Ready, willing and able

Mature age workers provide a good solution to fill hospitality job vacancies

The Federal Government announcement this week providing additional support for pensioners wishing to work without being financially penalised should act as a call to action for a hospitality sector struggling to fill thousands of vacant positions.

The Australian Hotels Association (AHA) has been quick to welcome the announcement with AHA CEO, Stephen Ferguson stating with dire labour shortages being felt across Australia’s hotels and hospitality venues, any measures to assist mature Australians into work should be embraced.

“For some time, we have received reports of mature Australians who are ready, willing, and able to complete a few extra shifts in local hospitality venues but are financially deterred from doing so,” Mr Ferguson said.

“We welcome common sense measures that encourage Australians of all ages to help fill the serious workforce shortages in our hotels, pubs, bars, taverns and restaurants.”

Mr Ferguson said while the announcement does not address all the barriers preventing mature Australians from re-entering or maximising their participation in the workforce, it is a step in the right direction.

“Increasing the flexibility of the age pension system will help those who wish to move between work and the pension without facing unnecessary financial penalties.”

“We also welcome the announcement that Age Pension recipients who have their payment reduced to nil because they are working would also retain their Pensioner Concession Card for up to two years, instead of the current 12 weeks.”

Mature age workers represent a ready pool of talent for the hospitality sector, their desire to work driven both by financial factors and quite simply, the opportunity to continue as they still feel they have a great deal to contribute.

In a presentation delivered earlier this year, Age Discrimination Commissioner, Dr Kay Patterson AO said as Australia’s population ages, and our health span—the number of healthy years in older age—increases, along with lifespan, organisations need to be prepared and have strategies in place for employing and retaining older employees.

There is a need, she said, to foster a cultural change about older employees with human resources professionals, managers and decision-makers in leadership roles needing to facilitate this change.

Generational age-based inclusion strategies, she said, benefit both employers and employees.

There are wellbeing and job satisfaction benefits for employees who feel their knowledge, skills and contributions are valued.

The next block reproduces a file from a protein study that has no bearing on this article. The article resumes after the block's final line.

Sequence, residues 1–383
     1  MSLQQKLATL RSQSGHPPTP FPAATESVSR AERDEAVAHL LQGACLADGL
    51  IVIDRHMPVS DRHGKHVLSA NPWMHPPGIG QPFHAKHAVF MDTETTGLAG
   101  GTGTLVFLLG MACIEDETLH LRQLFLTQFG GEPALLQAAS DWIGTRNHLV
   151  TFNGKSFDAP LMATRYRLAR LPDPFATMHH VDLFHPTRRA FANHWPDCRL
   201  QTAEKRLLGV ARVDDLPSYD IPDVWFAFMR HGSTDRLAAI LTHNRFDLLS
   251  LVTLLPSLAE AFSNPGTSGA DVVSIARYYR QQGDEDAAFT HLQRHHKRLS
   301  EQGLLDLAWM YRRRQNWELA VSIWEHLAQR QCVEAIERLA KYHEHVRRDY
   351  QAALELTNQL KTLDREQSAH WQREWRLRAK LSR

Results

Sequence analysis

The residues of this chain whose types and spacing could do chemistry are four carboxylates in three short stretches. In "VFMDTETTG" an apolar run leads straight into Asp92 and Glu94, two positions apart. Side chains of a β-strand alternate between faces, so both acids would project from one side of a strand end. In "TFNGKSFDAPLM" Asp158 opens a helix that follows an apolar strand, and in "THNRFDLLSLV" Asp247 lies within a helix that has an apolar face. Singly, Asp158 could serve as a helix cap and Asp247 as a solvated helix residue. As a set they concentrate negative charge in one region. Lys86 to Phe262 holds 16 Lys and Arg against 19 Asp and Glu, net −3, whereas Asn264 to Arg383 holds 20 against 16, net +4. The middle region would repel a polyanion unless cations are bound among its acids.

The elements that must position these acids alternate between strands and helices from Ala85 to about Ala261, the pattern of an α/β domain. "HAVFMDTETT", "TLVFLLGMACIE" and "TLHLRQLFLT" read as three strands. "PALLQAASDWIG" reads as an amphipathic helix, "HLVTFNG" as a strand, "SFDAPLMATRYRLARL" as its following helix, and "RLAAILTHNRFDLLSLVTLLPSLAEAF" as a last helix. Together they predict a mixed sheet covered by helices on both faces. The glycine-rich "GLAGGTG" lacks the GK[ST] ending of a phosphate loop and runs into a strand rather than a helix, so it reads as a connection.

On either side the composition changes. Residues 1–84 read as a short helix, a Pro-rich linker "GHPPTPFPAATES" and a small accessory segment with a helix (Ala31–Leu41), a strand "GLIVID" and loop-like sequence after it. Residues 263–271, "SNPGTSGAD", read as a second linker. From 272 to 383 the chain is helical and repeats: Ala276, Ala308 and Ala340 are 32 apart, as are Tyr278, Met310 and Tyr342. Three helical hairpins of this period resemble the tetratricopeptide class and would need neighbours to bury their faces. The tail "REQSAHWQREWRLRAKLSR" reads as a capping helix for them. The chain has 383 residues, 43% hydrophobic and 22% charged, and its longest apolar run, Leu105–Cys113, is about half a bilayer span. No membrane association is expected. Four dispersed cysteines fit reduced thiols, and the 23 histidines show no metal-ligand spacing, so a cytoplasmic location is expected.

For the organisation, the flow-on effect is reduced absenteeism and turnover, with the associated reduction in costs related to recruitment.

The needs of older employees are often the same as for other employees.

They value employment that is stimulating, stretches them, makes full use of their skills and experience, and offers opportunities for social contact. 

They value being able to pass their knowledge on to others and appreciate an open, inclusive workplace culture. they value raining and flexible work opportunities—often for travel, caring responsibilities, or a transition to retirement through part-time work.

People who think their work matters and makes a difference are more likely to remain in employment, whatever their age.

Recent research conducted by SEEK found that older employees are known for their strong work ethic, loyalty, and increased tenure.

But while the majority want to retire before they are 65 years old, only just over a third think they actually will. Most think they will realistically retire by the age of 75 instead.

According to a recent report commissioned by the Council on the Ageing (COTA) in conjunction with investment management firm Challenger, there are fewer employment opportunities for people aged over 50, in part due to stigma and discrimination,

The Experience, Knowledge and Commitment: Valuing Older Workers report was part of a joint initiative aimed at addressing the under-employment of people over 50.

Challenger CEO, Richard Howes said there is significant value to individuals, the community and the economy in supporting older people to work as long as they wish.

“Increasing workforce participation for older Australians will not only help improve overall wellbeing but also contributes to financial security for a better retirement,” he said.

COTA NSW CEO, Meagan Lawson said Australia’s mature-aged workforce is skilled and able and older people are healthier than at any other time in history.

“Older workers should be more valued for the expertise, skills and experience they bring to the workplace, and building awareness around the issue of age discrimination with employers and employees of all ages is a key opportunity,” she said.


Mike Parker-Brown

Mike Parker-Brown is a UK-trained and qualified journalist and an award-winning travel communicator with more than 30 years experience. Since 2002, Mike has worked as a freelance writer and PR consultant providing his services to major organisations in Australia and internationally in the tourism, aviation, hospitality, recruitment and export marketing sectors.

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